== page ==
The eyes may be well known as the, “window to the soul,” but an appreciation for the information contained within them is just beginning to dawn in our space. The images that retina specialists pore through daily are untapped treasure troves, holding far more potential than previously predicted.
In 2016, Google published a deep-learning algorithm capable of detecting diabetic retinopathy as accurately as trained ophthalmologists. Such data seems predictable now, and authors have described similar systems for interpreting skin lesions in dermatology.
Since then, the field has moved quickly. As Elon Musk recently surmised, “The pace of progress in AI is incredibly fast … you have no idea how fast.”1 In 2018, Google again advanced the AI ball in retina and demonstrated that deep learning can extract information “not previously thought to be present or quantifiable in retinal images,” from a single fundus image.2 It used isolated fundus images to deduce a subject’s age, gender, blood pressure, smoking status and history of a major adverse cardiac event with remarkable accuracy. It appears a deep-learning system can tell if a fundus image belongs to a male or a female with astonishing consistency. Extrapolating from such deductive abilities hints at an incredible opportunity for retinal imaging to serve as a biomarker for systemic diseases.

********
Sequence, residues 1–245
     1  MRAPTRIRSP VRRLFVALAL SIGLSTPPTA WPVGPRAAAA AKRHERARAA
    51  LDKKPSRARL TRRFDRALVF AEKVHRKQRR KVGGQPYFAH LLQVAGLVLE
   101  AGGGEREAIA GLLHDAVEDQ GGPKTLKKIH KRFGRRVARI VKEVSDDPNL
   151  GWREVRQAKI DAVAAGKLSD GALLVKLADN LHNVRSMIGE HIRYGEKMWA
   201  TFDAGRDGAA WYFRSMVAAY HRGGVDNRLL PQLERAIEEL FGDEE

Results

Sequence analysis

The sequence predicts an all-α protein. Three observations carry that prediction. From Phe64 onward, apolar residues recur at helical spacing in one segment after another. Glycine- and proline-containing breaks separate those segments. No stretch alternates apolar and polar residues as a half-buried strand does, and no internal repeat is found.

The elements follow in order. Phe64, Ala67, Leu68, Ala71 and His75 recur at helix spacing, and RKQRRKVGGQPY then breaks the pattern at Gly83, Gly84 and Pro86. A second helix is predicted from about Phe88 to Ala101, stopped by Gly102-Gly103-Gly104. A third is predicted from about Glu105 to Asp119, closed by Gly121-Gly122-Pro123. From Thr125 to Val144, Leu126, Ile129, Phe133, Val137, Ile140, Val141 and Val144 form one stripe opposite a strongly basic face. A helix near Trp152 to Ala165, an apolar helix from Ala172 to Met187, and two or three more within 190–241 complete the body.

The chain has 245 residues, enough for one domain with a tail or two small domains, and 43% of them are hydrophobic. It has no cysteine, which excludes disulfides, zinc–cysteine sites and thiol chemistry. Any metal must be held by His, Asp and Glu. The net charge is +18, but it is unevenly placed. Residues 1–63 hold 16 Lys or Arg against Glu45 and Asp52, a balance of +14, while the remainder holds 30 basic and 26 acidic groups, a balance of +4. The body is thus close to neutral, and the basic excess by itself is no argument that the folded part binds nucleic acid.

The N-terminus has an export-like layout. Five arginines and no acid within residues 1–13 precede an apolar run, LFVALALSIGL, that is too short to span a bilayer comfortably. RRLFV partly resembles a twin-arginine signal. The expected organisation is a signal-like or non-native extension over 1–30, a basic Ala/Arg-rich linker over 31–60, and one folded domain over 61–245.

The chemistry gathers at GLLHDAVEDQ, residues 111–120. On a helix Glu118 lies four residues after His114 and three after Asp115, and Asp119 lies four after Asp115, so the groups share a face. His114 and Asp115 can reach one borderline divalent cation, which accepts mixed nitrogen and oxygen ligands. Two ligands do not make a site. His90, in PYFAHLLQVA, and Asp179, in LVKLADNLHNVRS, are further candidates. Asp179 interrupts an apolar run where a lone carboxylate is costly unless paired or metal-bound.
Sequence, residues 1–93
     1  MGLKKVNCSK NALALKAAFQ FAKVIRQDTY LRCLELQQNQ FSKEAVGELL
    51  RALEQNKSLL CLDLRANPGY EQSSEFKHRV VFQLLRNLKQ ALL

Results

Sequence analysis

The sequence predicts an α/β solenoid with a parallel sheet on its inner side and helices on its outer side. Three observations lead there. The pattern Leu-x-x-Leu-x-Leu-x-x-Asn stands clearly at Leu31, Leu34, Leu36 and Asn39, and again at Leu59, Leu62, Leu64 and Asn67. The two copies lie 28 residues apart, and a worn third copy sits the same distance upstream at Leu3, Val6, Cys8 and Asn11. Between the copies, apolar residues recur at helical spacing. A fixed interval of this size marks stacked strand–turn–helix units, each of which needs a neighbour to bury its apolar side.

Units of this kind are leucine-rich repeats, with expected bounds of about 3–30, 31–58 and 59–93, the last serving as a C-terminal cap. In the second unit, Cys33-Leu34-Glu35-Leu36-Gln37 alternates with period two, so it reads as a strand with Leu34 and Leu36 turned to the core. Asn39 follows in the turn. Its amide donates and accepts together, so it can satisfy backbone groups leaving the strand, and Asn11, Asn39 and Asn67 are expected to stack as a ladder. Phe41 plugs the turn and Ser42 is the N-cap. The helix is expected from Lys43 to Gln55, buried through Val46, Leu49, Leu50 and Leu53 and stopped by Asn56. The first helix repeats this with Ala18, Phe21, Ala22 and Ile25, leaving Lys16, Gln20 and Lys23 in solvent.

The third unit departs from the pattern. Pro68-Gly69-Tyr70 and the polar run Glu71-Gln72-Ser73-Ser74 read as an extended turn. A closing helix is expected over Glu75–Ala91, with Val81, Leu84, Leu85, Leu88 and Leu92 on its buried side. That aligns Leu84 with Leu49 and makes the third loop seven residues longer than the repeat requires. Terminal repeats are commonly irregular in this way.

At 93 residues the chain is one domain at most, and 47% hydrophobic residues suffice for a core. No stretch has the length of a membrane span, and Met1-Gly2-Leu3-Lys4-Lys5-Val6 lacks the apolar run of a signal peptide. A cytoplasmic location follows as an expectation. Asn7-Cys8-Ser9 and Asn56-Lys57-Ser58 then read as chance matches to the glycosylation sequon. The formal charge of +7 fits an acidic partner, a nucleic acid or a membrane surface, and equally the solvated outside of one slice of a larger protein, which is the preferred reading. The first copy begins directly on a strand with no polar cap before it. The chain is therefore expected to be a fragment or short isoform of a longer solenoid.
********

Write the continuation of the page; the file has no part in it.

On the whole, retina specialists seem vaguely aware that advanced machine-learning platforms have impacted medical fields such as radiology and cardiology, but many in our field think the technology is not yet ready to penetrate it.
On page 18, Ehsan Rahimy, MD, astutely outlines the current landscape of AI within retina and predicts where we’re headed. In the near future, such advances promise to improve access to disease screening and augment our clinical capabilities through improved prognostication and more specific application of precision medicine.
AI will also extend into our clinics beyond image interpretation. Consider AI systems serving as medical scribes, both for patient intake and for improved physician documentation. Imagine a system that continuously improves based on your direct feedback until it is incredibly fine-tuned to your voice and documentation desires. It could alleviate administrative costs and burden tremendously, and greatly enhance the quality of the exam and discussion documentation.
As our profession continues to evolve, I see a bright future for AI in retina. I encourage you to engage with me in creating this future for the betterment of our patients.
1. Marr B. 28 best quotes about artificial intelligence. Forbes. July 25, 2017. Available at: https://www.forbes.com/sites/bernardmarr/2017/07/25/28-best-quotes-about-artificial-intelligence/#5247b3664a6f. Accessed October 11, 2018.
2. Poplin R, Varadarajan AV, Blumer K, et al. Prediction of cardiovascular risk factors from fundus photographs via deep learning. Nat Biomed Engineer. 2108;2:158-164.